Glycolipids as Receptors for Bacillus thuringiensis Crystal Toxin

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Science  11 Feb 2005:
Vol. 307, Issue 5711, pp. 922-925
DOI: 10.1126/science.1104444


The development of pest resistance threatens the effectiveness of Bacillus thuringiensis (Bt) toxins used in transgenic and organic farming. Here, we demonstrate that (i) the major mechanism for Bt toxin resistance in Caenorhabditis elegans entails a loss of glycolipid carbohydrates; (ii) Bt toxin directly and specifically binds glycolipids; and (iii) this binding is carbohydrate-dependent and relevant for toxin action in vivo. These carbohydrates contain the arthroseries core conserved in insects and nematodes but lacking in vertebrates. We present evidence that insect glycolipids are also receptors for Bt toxin.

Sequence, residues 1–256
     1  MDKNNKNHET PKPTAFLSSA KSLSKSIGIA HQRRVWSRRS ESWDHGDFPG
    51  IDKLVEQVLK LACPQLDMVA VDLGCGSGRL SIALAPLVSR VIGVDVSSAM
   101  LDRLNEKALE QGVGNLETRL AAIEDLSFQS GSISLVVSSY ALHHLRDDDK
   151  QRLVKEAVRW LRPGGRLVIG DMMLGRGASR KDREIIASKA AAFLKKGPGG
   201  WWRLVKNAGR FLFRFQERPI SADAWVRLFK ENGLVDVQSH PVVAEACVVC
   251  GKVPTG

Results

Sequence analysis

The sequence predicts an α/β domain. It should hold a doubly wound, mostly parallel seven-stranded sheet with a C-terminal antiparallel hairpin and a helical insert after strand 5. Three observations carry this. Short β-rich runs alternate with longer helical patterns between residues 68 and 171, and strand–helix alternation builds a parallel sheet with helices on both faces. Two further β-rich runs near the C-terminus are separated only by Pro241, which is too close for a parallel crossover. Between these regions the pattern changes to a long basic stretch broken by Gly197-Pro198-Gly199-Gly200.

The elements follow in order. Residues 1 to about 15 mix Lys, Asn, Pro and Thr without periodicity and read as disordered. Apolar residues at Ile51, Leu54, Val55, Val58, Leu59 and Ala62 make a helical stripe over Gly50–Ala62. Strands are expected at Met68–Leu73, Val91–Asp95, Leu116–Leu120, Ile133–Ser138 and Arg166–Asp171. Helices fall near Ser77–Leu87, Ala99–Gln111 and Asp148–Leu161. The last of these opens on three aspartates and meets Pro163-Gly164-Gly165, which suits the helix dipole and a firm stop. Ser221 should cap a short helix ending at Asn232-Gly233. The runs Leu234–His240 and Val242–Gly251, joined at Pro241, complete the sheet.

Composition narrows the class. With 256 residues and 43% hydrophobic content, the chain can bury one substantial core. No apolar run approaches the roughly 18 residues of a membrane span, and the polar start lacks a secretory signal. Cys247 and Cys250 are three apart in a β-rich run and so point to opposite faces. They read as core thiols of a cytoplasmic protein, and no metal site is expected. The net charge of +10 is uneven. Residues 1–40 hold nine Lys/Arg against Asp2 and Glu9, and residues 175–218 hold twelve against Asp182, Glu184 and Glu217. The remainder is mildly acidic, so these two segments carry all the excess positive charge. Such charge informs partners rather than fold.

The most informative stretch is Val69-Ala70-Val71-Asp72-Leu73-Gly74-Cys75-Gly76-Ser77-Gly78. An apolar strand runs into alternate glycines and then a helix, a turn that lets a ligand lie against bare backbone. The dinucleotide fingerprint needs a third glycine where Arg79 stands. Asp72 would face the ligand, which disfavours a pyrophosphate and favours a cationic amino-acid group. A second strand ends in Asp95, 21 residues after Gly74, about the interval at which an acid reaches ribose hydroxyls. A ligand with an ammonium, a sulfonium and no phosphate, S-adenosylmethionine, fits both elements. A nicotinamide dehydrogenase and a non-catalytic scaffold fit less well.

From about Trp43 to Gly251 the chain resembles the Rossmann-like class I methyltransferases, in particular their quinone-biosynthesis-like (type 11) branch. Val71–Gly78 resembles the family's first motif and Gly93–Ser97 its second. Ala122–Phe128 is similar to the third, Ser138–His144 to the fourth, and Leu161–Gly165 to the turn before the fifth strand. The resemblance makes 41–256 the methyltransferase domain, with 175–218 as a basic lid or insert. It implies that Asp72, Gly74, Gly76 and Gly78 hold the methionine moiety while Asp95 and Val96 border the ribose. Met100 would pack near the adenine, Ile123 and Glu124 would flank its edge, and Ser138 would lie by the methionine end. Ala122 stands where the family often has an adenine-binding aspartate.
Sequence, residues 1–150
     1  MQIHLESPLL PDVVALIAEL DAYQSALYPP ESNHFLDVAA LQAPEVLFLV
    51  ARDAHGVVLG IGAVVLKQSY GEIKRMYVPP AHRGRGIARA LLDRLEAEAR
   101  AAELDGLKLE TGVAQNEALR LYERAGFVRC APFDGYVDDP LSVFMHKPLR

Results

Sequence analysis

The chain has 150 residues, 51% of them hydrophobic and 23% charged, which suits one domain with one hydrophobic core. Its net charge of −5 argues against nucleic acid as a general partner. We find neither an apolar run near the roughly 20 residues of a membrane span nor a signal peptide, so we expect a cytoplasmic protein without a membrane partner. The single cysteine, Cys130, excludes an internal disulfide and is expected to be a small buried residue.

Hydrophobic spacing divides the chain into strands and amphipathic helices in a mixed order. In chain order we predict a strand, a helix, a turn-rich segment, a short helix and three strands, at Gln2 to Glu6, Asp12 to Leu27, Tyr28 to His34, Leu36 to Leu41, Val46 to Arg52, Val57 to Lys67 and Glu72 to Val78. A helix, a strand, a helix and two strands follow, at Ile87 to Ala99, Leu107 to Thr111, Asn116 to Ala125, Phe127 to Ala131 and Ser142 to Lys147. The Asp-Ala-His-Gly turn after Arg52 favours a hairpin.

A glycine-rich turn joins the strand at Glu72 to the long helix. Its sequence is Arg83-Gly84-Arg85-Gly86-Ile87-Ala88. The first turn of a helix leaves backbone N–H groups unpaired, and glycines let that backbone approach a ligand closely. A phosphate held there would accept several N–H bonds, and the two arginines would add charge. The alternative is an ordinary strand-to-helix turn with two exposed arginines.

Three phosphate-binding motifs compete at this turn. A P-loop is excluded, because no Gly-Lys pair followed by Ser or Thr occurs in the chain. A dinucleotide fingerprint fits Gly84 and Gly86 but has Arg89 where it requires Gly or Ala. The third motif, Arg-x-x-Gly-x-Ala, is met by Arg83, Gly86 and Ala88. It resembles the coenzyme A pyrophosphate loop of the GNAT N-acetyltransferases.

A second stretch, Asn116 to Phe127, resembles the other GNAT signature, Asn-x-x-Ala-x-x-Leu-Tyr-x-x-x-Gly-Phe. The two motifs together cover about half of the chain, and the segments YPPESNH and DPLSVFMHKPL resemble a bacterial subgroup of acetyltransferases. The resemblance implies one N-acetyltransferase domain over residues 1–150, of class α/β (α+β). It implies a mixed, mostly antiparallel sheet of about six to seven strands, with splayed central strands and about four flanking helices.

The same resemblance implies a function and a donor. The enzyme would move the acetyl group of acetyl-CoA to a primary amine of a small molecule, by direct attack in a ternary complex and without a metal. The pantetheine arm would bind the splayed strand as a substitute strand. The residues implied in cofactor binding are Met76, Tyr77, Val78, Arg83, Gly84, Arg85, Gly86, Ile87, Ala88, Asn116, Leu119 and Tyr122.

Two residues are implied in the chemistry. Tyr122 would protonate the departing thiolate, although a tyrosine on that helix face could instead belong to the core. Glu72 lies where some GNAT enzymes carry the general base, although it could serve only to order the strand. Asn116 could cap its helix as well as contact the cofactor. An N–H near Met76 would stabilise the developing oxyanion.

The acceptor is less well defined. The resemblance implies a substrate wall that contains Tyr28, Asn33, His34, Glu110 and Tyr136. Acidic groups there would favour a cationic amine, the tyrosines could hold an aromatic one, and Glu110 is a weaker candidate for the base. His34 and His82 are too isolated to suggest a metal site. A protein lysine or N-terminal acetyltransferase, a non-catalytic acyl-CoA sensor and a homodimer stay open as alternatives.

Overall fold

The crystal (Cry) proteins produced by Bt are pore-forming toxins lethal to insects and nematodes but nontoxic to vertebrates (1, 2). In 2002, more than 14 million hectares of transgenic corn and cotton crops that express Cry proteins were planted worldwide, making these crops safe from specific insect pests and simultaneously resulting in substantial decreases in hazardous chemical pesticide use (3, 4). Cry proteins have now been shown to target nematodes as well, including the intestinal parasite Nippostrongylus brasiliensis, suggesting that Cry proteins may be used in the future to control parasitic nematodes of animals and plants (5). In the face of the enormous selective pressure generated by widespread use of Cry proteins in crops and organic farming, development of Cry toxin resistance among target populations is considered the major threat to their long-term use (6). The ability to detect resistance in the field, which is important for monitoring current resistance-management programs and making corrections before the resistance becomes a widespread problem, relies on molecular and genetic knowledge of the genes and pathways that give rise to resistance. Resistance can be mediated by multiple loci, the identities of which have remained largely elusive. To date, only insect cadherins, which serve as toxin receptors, have been definitively demonstrated to mutate to Cry toxin resistance (7, 8). Other candidates for resistance alleles include a second Bt toxin–binding protein, aminopeptidase N, and a host protease required to process the Bt toxin (9, 10). There are also a number of as yet unidentified loci that can mutate to Cry toxin resistance, including ones important for toxin binding (11, 12).